Richard-- I agree that the picture "requires implicitly that you react to its symbols the way the artist expects" but that's very different from being part of the tribe or agreeing with the artist. It's not as if she uses words like "patriotism" or "election fraud" which have completely different meanings to different factions. She uses widely understood symbols, such as a dead bird with its feet in the air. Whether you believe in environmental protection or not, the concept is clear and because it is delivered in the form of a visual symbol it unpacks and expands only after it has been ingested.

A Trump fan may turn a deaf ear to the word "immature," or may hear the word and instinctively respond "no he's not," but once a Trump fan participates in recognizing the drawing of the pacifier and understanding why it's there, they have already swallowed the bait (or inhaled the coronavirus). I believe that's inherent in how we process visual concepts. At that stage, the response of a Trump fan seems to be to threaten the artist with death or sexual assault.

A few of the symbols, such as Trump steaks, do require a knowledge of current events but most of the audience for such cartoons are people who frequent editorial pages.

chris bennett-- I (along with the entire field of paleoanthropology) disagree that "information, through text" must first shape our understanding before it is "badged" with a symbol or cartoon. There is no text necessary to understand a man being dragged away by some force so implacable that it doesn't bother to turn around in response to his whines and cries. There is no text necessary to understand the power relationship between the person dragging and the person being dragged. We need no "information," other than being alive in the world, to understand expression on Trump's face. There is no misunderstanding the trail that conveys movement and direction, and there is no misunderstanding the wreckage and disarray in his wake, even if you can't read the text on the symbols. Neanderthals wouldn't understand the label "climate change" but they did understood that setting something on fire is bad. Something tipped over and spilled on the ground has never been a good symbol.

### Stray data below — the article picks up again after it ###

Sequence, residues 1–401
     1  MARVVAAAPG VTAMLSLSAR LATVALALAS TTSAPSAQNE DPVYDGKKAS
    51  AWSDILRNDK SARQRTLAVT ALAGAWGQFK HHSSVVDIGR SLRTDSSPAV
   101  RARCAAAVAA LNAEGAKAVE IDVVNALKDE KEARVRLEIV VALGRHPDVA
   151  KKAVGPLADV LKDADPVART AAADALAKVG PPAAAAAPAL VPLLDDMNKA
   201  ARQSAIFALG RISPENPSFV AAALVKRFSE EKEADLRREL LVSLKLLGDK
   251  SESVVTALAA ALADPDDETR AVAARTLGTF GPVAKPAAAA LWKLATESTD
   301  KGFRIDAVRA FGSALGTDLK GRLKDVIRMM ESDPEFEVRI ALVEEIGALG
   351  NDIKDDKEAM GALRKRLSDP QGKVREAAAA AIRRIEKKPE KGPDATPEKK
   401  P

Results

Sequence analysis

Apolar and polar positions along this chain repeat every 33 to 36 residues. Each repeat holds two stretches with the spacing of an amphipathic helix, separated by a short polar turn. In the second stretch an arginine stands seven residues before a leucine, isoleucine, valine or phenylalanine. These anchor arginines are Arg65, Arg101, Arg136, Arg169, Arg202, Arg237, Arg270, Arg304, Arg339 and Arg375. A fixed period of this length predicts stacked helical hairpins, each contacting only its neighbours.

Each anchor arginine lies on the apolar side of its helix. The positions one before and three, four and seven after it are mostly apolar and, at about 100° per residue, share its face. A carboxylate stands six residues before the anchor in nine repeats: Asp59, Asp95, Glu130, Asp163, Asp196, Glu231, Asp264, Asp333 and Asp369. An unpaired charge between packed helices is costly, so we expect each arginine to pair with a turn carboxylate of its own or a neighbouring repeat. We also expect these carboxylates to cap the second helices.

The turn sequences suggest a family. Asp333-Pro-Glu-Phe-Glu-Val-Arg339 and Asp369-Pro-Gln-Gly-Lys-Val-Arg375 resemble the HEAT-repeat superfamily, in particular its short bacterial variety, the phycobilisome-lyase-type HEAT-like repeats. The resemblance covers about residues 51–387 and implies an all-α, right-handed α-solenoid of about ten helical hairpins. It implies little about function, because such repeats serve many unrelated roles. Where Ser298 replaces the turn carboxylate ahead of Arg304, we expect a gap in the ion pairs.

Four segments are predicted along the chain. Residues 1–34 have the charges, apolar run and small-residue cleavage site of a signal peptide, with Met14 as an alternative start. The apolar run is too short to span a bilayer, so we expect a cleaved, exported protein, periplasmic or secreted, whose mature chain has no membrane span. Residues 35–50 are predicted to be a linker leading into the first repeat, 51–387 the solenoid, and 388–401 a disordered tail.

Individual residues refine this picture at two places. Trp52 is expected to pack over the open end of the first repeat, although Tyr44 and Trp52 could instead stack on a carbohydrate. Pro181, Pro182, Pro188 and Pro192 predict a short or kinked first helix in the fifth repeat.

Boss Tweed apparently didn't feel a textual predicate was necessary when he railed against the political cartoonist Thomas Nast, "Stop them damned pictures. I don't care so much what the papers say about me. My constituents don't know how to read, but they can't help seeing them damned pictures!"

It is my personal experience that many Trump supporters are low information types, less educated with less of an appetite for reading anything longer than a Qanon tweet, but Telnaes' pictures seem to agitate them in ways that long articles do not.

Anonymous said...

Congressman Gaetz said that yesterday's mob at the Capitol carrying Trump signs was really antifa in disguise. What's the point of arguing with such people? Why even bother to use words? I hope pictures are more effective. You recently talked about nihilistic art on this blog. Art can't be nihilistic enough for today.

JSL

chris bennett said...

David,